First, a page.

Carson: 2016 Olympics remind us our youth matters
Alex Carson | Monday, August 29, 2016
When you’re new at Notre Dame, you answer the same questions so often the answers get drilled into your head. I live in O’Neill Hall; I’m an applied and computational mathematics and statistics major (say that three times fast); I’m from this little suburb of Chicago known as Indianapolis.
But as you start to grow older, you develop real, meaningful relationships. Those relationships lead to a new question every August: “What did you do this summer?”
As far as stock answers go, mine’s pretty easy. I spent the first few weeks of it teaching high schoolers some assorted calculus topics — remember arc length, integration by parts and the shell method? — and then, by and large, did nothing until I took the GRE in August. Because I should at least pretend I have a plan for what happens after I graduate in May.
Oh, right, I also celebrated an NBA title in June with my dad, whose 52-year-long dream was finally realized.
During the last couple weeks of this summer though, like most sports fans, I turned my attention south toward Rio for the 2016 Olympics. Setting aside the infrastructure and other assorted problems — of which there were plenty — and the absurdity of the Ryan Lochte situation — which only served to deflect attention away from deserving storylines late in the games — these Olympics were quite great.
We said fitting goodbyes to two of the greatest athletes of all time, Michael Phelps and Usain Bolt. I can’t really remember an Olympics where Phelps didn’t compete — that’ll be weird if he isn’t talked back for 2020 — and Bolt has dominated sprinting like nobody has before and, more than likely, nobody will again. Phelps is the greatest male swimmer the world’s ever seen, and Bolt is the greatest male sprinter.
But instead of focusing on the greats walking away, what about the ones coming in? Because it was a fantastic Olympics for some of the world’s youngest athletes.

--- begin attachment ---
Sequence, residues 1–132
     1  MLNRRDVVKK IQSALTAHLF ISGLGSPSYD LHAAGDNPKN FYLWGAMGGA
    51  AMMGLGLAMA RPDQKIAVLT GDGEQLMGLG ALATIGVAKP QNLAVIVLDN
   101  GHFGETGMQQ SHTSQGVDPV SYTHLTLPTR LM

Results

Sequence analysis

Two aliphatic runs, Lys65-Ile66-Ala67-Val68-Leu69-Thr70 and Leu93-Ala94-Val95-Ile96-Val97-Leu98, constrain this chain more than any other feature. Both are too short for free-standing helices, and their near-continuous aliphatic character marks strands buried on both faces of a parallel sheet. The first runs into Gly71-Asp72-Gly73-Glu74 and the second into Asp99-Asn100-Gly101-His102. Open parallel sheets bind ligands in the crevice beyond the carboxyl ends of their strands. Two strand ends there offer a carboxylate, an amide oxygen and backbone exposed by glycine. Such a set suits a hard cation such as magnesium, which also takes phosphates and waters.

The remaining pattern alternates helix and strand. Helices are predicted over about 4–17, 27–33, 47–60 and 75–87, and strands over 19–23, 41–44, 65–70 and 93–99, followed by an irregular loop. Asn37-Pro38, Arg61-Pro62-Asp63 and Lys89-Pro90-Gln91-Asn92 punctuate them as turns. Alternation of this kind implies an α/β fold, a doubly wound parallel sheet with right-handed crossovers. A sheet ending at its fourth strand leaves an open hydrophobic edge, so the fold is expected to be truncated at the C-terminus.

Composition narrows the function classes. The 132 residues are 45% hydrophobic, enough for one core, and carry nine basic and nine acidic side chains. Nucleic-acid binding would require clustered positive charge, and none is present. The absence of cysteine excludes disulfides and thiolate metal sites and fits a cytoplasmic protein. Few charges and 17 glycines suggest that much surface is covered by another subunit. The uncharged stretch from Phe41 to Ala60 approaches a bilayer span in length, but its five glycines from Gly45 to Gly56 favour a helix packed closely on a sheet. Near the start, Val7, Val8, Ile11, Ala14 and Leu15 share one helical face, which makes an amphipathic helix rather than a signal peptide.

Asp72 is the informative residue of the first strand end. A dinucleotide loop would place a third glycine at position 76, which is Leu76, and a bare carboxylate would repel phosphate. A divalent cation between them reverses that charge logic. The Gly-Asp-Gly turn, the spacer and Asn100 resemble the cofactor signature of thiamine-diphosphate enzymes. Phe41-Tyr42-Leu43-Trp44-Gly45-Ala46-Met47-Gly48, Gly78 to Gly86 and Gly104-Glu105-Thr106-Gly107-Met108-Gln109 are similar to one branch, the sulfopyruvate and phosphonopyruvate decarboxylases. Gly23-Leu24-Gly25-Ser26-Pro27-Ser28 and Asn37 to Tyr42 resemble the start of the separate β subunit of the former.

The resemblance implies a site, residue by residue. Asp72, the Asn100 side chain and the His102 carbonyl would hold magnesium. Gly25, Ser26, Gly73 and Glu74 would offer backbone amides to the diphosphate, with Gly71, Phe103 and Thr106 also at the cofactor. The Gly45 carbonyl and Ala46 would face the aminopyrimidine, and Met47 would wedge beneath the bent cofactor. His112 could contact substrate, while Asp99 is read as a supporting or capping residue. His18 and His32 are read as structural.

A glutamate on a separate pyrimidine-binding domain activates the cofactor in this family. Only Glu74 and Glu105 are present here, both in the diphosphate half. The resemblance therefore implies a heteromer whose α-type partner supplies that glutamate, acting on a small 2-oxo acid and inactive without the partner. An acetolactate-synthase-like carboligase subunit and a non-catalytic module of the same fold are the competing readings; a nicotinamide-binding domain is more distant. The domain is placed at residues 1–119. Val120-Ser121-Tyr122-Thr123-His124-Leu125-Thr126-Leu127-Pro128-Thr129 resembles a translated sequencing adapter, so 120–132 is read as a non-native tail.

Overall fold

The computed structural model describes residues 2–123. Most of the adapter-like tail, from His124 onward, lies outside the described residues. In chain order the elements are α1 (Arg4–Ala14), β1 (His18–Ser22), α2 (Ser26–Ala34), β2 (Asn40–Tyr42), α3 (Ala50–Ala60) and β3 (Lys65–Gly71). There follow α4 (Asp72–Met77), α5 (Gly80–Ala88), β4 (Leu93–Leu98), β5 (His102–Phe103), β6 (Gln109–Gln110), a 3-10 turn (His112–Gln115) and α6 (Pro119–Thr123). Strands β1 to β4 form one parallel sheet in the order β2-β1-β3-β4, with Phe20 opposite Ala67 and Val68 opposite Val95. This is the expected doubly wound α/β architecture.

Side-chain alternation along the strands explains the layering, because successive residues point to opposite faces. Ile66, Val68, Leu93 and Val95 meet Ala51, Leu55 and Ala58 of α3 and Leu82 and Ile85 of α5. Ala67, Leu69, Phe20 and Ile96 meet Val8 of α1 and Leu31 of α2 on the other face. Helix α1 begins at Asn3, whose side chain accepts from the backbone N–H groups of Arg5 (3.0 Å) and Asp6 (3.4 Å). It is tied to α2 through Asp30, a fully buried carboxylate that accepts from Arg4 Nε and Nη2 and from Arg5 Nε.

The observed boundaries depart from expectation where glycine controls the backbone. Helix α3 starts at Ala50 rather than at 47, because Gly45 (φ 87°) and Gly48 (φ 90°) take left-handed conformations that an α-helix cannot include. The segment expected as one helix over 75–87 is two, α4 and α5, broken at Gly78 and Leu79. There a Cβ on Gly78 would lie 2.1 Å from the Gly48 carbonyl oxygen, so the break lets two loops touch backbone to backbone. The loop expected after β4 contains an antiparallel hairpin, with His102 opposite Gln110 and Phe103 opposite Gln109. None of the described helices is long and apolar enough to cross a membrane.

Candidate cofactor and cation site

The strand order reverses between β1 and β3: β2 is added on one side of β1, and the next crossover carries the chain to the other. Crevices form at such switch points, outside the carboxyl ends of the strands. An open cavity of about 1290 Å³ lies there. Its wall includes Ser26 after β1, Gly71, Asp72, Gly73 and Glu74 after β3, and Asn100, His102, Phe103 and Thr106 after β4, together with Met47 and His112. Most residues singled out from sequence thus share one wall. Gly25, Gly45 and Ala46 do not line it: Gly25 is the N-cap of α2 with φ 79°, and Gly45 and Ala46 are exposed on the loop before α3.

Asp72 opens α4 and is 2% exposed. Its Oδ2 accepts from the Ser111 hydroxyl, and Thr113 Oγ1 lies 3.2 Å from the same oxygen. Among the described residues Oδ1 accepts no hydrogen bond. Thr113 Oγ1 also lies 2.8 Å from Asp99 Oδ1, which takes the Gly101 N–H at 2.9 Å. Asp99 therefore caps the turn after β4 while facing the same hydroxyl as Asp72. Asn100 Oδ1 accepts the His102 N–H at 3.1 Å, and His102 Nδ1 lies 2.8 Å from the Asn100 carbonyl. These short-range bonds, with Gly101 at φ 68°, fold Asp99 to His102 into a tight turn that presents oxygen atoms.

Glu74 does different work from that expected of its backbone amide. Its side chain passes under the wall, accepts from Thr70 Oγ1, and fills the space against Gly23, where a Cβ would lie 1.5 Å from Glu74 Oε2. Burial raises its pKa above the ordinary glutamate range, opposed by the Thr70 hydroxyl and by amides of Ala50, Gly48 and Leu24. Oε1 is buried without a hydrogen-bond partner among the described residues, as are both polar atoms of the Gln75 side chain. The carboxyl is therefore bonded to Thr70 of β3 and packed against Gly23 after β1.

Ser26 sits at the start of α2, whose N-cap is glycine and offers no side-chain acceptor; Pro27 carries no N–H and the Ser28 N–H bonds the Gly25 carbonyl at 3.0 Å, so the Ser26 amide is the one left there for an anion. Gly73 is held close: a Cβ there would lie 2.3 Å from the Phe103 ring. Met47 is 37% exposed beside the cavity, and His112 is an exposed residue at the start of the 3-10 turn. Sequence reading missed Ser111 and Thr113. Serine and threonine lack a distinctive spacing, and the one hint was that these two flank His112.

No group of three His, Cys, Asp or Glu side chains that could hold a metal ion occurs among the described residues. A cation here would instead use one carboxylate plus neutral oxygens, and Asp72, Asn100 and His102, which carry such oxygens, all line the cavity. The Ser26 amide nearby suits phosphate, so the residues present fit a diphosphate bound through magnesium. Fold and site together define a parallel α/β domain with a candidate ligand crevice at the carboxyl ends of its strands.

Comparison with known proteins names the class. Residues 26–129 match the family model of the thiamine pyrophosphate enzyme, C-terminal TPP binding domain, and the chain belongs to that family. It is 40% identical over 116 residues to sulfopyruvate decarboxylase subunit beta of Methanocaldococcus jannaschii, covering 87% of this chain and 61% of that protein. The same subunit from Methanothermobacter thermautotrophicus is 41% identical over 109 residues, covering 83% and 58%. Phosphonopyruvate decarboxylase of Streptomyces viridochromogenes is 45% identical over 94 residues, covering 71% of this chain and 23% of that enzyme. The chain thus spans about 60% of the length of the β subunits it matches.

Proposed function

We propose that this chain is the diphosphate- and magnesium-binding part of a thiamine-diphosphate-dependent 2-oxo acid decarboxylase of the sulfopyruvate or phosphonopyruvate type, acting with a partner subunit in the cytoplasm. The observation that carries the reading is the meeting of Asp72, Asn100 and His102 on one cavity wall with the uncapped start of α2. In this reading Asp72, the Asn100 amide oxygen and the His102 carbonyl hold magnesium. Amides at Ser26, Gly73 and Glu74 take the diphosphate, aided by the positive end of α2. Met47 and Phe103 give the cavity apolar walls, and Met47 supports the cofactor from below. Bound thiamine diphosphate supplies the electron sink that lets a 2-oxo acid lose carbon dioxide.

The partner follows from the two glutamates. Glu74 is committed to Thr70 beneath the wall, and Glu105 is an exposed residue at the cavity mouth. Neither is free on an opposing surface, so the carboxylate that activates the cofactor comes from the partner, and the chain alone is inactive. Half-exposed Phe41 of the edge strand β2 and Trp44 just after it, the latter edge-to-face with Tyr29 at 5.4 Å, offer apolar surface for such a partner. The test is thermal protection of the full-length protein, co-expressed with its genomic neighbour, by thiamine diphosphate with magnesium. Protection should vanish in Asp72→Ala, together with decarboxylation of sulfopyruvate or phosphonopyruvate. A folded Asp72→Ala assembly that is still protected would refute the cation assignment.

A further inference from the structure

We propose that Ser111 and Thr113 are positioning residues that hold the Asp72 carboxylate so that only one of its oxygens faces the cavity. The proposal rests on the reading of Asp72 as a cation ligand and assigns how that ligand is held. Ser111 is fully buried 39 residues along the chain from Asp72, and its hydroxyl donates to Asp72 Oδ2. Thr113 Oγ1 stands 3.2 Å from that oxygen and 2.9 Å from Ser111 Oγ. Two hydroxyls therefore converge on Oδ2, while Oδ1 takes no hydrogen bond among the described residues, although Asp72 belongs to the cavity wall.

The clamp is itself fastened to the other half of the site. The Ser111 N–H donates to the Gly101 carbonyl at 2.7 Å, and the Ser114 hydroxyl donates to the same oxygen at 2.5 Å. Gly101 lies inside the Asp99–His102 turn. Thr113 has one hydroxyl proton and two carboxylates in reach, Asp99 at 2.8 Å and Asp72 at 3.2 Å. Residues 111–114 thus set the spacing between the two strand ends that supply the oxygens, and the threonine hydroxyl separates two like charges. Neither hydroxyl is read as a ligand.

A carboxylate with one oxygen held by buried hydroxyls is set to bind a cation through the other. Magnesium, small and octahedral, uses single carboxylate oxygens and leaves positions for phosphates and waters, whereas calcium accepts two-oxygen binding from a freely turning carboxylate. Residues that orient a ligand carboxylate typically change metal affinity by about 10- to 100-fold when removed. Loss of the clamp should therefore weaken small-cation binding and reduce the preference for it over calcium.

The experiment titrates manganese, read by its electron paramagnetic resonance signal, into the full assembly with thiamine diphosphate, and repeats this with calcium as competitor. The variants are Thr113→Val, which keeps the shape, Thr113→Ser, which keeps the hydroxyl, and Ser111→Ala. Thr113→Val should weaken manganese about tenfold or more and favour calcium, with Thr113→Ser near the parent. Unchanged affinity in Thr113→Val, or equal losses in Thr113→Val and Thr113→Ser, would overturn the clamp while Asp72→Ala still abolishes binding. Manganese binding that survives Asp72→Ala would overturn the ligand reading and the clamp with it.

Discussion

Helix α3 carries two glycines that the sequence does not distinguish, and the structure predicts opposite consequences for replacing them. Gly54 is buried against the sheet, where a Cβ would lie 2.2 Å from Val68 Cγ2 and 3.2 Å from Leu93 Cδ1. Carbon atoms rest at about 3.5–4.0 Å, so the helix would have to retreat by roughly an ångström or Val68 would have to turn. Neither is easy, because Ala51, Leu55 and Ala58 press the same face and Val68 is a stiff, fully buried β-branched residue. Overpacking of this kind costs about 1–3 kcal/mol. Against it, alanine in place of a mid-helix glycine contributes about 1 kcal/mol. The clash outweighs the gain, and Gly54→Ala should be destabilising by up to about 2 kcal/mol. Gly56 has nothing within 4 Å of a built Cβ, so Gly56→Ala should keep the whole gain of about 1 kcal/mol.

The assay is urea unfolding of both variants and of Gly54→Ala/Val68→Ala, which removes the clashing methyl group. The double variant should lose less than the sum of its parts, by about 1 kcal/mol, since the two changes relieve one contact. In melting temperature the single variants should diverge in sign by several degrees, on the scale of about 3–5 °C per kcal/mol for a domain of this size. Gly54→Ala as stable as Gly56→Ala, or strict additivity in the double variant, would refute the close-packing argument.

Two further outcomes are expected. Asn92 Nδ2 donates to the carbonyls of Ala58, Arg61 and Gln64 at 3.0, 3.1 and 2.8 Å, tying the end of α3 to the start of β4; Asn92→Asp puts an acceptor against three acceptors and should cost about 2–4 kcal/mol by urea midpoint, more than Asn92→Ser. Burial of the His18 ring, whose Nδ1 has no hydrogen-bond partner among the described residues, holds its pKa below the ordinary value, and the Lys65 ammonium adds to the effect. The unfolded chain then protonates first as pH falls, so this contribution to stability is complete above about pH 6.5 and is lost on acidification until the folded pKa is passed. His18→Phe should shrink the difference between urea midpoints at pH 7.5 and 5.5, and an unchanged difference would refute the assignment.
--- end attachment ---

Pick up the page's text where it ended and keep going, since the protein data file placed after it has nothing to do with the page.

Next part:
Let’s say what’s true: No other athlete dominates his or her sport quite like Katie Ledecky does with distance swimming. And after four gold medals and a silver in Rio, she’s just 19 and has no real competitors, at least in the 400- and 800-meter freestyle events (yes, it is meters at the Olympic level).
And then you have Simone Biles who, like Ledecky, is also 19 and the greatest athlete her sport has ever seen, though that idea Is perhaps a little less out of the blue in gymnastics. I’m one of those people who really don’t know what’s going on in gymnastics — I think every routine looks pretty fantastic — but you don’t have to in order to enjoy and appreciate her greatness.
Getting out of the American bubble, we saw Canadian 16-year-old Penny Oleksiak emerge as a rising star in the pool … and then tweet Drake asking for concert tickets. As I’d expect any teenage girl to.
Setting aside that today’s youth are somehow inherently lazy — at least that’s what old people love to yell about — the Olympics presented an interesting idea to me: That I can take inspiration from those younger than me.
That’s not how the typical maturation process goes. We look up to parents or coaches, politicians or teachers, but never really think to look back a few years.
So let’s answer the question again: What did I do with my summer?
Yeah, sure, I taught a bit, coached a bit and studied a bit. Nothing too much.
But through it all, from the kids in my classroom in May to the ones on my TV screen in August, I re-learned a valuable lesson: Our youth matters. In the classroom, on the field or working on a community service project.
The views expressed in this column are those of the author and not necessarily those of The Observer.